China

2014

Attacks on the Press   |   China

Attacks on the Press in 2013: China

Despite expectations for greater transparency after President Xi Jinping took office in March, Beijing continued to try to suppress information on a broad range of issues. A CPJ report in March found that the government struggled to cope with ever more pervasive digital platforms that Chinese citizens used to express themselves. In September, authorities once again tightened social media controls. Under the new rules, people who posted comments deemed libelous and that were reposted 500 or more times faced defamation charges and up to three years in prison. Subsequently, hundreds of social media users including some journalists were arrested although most were released by the end of 2013. China ranked third on CPJ's annual census of journalists imprisoned around the world, behind only Turkey and Iran. Shi Tao, a Chinese journalist who was given a 10-year prison sentence in 2005, the first high-profile conviction for online activity, was released from prison in August, 15 months before the end of his term. CPJ research has shown that most jailed journalists serve their full sentences. A survey by the Foreign Correspondents' Club of China said reporting conditions had worsened over the past year, as the Chinese government "increasingly resorted to threats and intimidation against foreign media."

February 12, 2014 1:36 AM ET

Blog   |   China

More light shed on 'China's tougher tactics'

Chinese policemen manhandle a foreign photographer outside the trial of Xu Zhiyong, founder of the New Citizens movement, in Beijing on January 26. (AP/Andy Wong)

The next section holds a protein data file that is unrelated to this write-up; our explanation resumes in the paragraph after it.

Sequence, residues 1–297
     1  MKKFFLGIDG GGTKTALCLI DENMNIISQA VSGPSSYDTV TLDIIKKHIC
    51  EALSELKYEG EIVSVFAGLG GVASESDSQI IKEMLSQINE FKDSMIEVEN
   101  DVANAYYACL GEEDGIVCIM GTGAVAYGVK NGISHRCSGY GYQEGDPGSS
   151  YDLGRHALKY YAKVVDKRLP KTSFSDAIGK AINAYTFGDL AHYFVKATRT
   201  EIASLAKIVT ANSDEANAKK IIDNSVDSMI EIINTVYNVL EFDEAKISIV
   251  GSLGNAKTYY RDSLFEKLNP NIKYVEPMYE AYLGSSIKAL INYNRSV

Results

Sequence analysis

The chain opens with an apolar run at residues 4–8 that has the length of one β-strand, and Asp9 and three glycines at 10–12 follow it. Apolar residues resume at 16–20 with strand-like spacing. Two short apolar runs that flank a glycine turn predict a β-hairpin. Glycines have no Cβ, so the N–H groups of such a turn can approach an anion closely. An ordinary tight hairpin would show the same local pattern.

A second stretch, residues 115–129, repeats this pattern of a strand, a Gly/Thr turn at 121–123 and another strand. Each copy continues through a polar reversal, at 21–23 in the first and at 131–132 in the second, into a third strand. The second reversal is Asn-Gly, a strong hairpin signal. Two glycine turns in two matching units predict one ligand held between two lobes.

Since CPJ blogged on Monday that tougher tactics are emerging in China toward local and foreign media--and the situation looks to get worse--a few more developments have arisen.

Blog   |   China

Tougher tactics emerge in China's media crackdown

Late in 2013, Time's Hannah Beech posted a great blog on the magazine's website around the time that about 24 foreign journalists were worried that the visas allowing them to work in China might not be approved: "Foreign Correspondents in China Do Not Censor Themselves to Get Visas," she told readers. She's right, of course, and some more proof that they won't dial back their coverage arose last week. 

Blog   |   China

Staff of Hong Kong's Ming Pao fights leadership change

Hong Kong's besieged media were dealt another blow this week, with news that the editor-in-chief of the city's once most trusted Chinese-language newspaper will be replaced with a potentially pro-establishment editor. 

2014

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